Online dating scams harm ‘thousands’ in Lee County
Thousands of Lee County residents are being victimized by what police call “The Sweetheart Scam.”
The relatively new phenomenon of online dating is at the heart of this scam and it’s costing significant embarrassment and financial pain, said Stacey Payne, Lee County Sheriff’s Office community relations manager. She said as many as 30 percent of all online relationships are artificial emotionally and a potential scam.
“Thousands are harmed every year but I can’t give you a more accurate number than that,” Payne said.
“Nine times out of 10 the victims will not call us. They are very embarrassed. In their mind, they feel this is more embarrassing a scam to fall prey to than the lottery or grandparents’ scam. When talking about romance or relationship of any sort you’re putting yourself on the line and it hits them hard.”
Charlotte County hasn’t seen the scam, said Robert Carpenter of the Charlotte County Sheriff’s Office.
“I talked with the head of our Economic Crimes Unit and he said what problem?” Carpenter said. “We have not had a complaint from anyone about being scammed for money from a dating service website. Hope it stays in Lee County.”
Lee County’s aging population and the economics of places such as Gasparilla Island makes these areas a prime target for the online scammers, Payne said.
“Because Gasparilla Island is a wealthy island it would be a target for these scammers,” Payne said. “They know to target the more affluent communities.”
Scammers target individuals over the age of 40 who may be emotionally vulnerable due to a recent divorce or death of a spouse, though all age groups are at-risk, she said. Any online contact could be a criminal sitting in a cyber cafe with a well-rehearsed script that’s being used on thousands of other innocent victims.
“These heartless scammers play on the victim’s vulnerability by declaring their undying love, sending flowers or gifts and promising a fairy tale life together,” Payne said. “They will also use stories of severe life circumstances, family tragedies, injuries to themselves while serving overseas in the military, or other hardships to keep their victims concerned and involved in their schemes.”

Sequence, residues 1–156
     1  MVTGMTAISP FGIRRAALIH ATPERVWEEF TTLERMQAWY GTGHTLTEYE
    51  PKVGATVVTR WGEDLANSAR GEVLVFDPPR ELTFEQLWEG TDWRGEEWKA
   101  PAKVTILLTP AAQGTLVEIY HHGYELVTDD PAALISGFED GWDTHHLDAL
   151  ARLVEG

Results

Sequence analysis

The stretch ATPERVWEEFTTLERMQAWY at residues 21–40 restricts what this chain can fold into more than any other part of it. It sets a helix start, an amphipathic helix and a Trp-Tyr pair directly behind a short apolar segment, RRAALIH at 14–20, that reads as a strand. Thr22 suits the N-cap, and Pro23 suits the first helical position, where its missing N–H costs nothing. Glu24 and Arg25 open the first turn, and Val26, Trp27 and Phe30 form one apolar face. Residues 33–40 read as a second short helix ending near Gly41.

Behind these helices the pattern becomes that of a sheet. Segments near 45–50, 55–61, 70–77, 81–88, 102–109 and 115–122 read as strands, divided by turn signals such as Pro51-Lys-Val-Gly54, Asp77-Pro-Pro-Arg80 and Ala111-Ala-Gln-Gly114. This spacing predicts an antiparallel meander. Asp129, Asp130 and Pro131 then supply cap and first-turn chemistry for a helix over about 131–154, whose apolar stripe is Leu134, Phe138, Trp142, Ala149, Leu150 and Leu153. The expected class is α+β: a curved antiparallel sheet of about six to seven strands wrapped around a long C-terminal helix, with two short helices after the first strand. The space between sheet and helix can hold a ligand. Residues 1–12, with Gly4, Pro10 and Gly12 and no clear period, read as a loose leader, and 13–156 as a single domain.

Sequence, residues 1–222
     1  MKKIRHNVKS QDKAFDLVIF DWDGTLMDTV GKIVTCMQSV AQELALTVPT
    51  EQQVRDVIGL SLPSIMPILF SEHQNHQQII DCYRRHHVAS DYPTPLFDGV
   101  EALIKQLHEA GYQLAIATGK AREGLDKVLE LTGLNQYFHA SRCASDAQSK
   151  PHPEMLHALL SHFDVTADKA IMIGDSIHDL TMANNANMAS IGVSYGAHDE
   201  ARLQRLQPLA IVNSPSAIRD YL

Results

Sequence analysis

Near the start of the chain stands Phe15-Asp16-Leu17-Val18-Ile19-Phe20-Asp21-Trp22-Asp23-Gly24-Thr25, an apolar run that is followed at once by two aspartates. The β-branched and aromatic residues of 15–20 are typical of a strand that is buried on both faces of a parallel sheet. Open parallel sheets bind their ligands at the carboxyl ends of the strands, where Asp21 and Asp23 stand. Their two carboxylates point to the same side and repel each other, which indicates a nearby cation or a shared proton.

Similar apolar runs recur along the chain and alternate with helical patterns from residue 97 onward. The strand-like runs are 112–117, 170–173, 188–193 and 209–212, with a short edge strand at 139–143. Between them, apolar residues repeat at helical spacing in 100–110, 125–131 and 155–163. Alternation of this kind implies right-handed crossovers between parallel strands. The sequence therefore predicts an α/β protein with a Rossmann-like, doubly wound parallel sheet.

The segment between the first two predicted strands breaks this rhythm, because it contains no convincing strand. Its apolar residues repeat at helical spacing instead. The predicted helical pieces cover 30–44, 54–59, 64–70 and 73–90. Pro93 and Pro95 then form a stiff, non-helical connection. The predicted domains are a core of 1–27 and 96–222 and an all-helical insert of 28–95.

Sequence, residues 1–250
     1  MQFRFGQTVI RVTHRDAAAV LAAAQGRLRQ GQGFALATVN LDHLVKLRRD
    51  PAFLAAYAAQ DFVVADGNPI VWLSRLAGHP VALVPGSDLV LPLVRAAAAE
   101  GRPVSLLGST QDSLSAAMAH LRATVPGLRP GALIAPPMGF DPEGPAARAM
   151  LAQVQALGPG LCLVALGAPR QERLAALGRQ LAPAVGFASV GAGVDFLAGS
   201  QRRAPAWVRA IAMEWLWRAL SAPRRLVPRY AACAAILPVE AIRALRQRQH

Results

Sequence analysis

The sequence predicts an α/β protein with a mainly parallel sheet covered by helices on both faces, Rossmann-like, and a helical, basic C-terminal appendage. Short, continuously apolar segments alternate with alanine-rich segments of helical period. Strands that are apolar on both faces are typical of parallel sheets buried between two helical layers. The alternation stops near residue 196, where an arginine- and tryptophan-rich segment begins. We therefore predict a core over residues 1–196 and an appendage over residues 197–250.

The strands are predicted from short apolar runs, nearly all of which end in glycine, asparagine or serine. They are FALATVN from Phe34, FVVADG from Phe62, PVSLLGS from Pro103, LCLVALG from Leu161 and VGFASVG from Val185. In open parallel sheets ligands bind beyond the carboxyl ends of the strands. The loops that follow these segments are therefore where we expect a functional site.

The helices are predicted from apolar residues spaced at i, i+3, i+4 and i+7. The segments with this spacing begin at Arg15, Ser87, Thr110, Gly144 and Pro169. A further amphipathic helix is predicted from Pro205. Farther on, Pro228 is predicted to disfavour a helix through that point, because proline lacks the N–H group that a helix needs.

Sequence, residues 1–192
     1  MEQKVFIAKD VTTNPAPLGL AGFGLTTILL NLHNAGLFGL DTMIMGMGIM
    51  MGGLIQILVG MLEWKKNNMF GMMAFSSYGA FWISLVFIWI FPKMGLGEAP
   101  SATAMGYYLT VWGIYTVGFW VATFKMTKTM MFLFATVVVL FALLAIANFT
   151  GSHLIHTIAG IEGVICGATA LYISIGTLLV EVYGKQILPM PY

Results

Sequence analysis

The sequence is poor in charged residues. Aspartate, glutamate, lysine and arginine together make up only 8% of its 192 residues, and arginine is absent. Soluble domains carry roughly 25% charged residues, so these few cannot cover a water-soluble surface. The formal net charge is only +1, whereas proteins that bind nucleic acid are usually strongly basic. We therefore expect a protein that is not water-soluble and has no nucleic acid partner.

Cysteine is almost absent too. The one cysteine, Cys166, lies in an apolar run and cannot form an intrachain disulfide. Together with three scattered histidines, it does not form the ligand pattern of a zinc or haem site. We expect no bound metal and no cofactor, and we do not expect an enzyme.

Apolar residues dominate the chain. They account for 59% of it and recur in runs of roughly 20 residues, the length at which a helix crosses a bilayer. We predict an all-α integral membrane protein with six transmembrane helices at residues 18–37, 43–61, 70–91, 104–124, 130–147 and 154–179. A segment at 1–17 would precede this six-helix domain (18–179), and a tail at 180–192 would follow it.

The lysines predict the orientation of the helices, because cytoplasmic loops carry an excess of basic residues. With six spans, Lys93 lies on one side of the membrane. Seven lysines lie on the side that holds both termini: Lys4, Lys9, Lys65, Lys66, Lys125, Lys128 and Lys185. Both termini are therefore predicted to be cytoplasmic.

As the relationship progresses, scammers ask the victims to send money to help overcome a financial situation they claim to be experiencing.
“These are all lies intended to take money from unsuspecting victims,” Payne said.
Once you give in to the scammers’ siren song, it’s game over. The police will not be able to collect your money or charge the perpetrator, she said.
“Very little can be done because it’s hard to find the perpetrator,” she said. “Once you’ve sent money, it’s gone. If it’s overseas it’s difficult to pursue. The federal government and multiple governments have to become involved.”
If it’s local, it’s tough to pin the crime on the perpetrator, too.
“Oftentimes the victims don’t care they are being scammed — they want that companionship,” Payne said. “Or they don’t believe they’re being scammed. They’re in love. If a person is of sound mind they can give their money to whomever they want to give their money.”
In another scheme, scammers ask victims to receive funds in the form of a cashier’s check, money order or wire transfer, claiming they are out of the country and unable to cash the instruments or receive the funds directly. The scammers ask victims to redirect the funds to them via a money order or by opening a bank account and providing the love interest the bank account number.
Scammers may also ask victims to reship packages instead of redirecting funds. In these examples, victims are instructed to pick up merchandise at a store or shipping outlet, then forward the merchandise to an address, which is usually out of the country. Most likely the merchandise has been purchased online by the scammer with a stolen or fraudulent credit card.
The Lee County Sheriff’s Office Fraud Line has received complaints from victims whose online love interests are located in Nigeria, Ghana, England, Russia and Canada.
“The Sheriff’s Office encourages all Internet users who are considering an online romance to remember that scammers will use whatever personal information you provide to quickly paint themselves as your perfect match,” Payne said. “Although these romances can be extremely exciting we urge you to apply common sense over your feelings.”
Another way to avoid online dating scammers is personal contact.
“Avoid social isolation,” Payne said. “Get out. Be among your peers. That really does help.”